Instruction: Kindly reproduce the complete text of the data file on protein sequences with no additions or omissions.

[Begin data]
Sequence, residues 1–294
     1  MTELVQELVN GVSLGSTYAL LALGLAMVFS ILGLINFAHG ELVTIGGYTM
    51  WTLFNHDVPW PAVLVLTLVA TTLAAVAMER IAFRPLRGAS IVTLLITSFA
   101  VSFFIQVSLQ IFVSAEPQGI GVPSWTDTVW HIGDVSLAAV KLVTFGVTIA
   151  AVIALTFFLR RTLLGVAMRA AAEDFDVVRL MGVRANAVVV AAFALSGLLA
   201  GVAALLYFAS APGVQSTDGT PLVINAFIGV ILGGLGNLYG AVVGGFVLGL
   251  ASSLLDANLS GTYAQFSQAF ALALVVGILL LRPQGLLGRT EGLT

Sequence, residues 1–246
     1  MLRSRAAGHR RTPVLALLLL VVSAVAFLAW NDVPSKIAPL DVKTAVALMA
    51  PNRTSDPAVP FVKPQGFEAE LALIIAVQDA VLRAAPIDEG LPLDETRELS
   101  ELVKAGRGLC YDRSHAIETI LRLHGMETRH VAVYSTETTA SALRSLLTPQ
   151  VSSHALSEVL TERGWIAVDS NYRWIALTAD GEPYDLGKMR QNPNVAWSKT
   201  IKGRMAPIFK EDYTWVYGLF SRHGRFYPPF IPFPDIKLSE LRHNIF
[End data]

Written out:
Sequence, residues 1–294
     1  MTELVQELVN GVSLGSTYAL LALGLAMVFS ILGLINFAHG ELVTIGGYTM
    51  WTLFNHDVPW PAVLVLTLVA TTLAAVAMER IAFRPLRGAS IVTLLITSFA
   101  VSFFIQVSLQ IFVSAEPQGI GVPSWTDTVW HIGDVSLAAV KLVTFGVTIA
   151  AVIALTFFLR RTLLGVAMRA AAEDFDVVRL MGVRANAVVV AAFALSGLLA
   201  GVAALLYFAS APGVQSTDGT PLVINAFIGV ILGGLGNLYG AVVGGFVLGL
   251  ASSLLDANLS GTYAQFSQAF ALALVVGILL LRPQGLLGRT EGLT

Sequence, residues 1–246
     1  MLRSRAAGHR RTPVLALLLL VVSAVAFLAW NDVPSKIAPL DVKTAVALMA
    51  PNRTSDPAVP FVKPQGFEAE LALIIAVQDA VLRAAPIDEG LPLDETRELS
   101  ELVKAGRGLC YDRSHAIETI LRLHGMETRH VAVYSTETTA SALRSLLTPQ
   151  VSSHALSEVL TERGWIAVDS NYRWIALTAD GEPYDLGKMR QNPNVAWSKT
   201  IKGRMAPIFK EDYTWVYGLF SRHGRFYPPF IPFPDIKLSE LRHNIF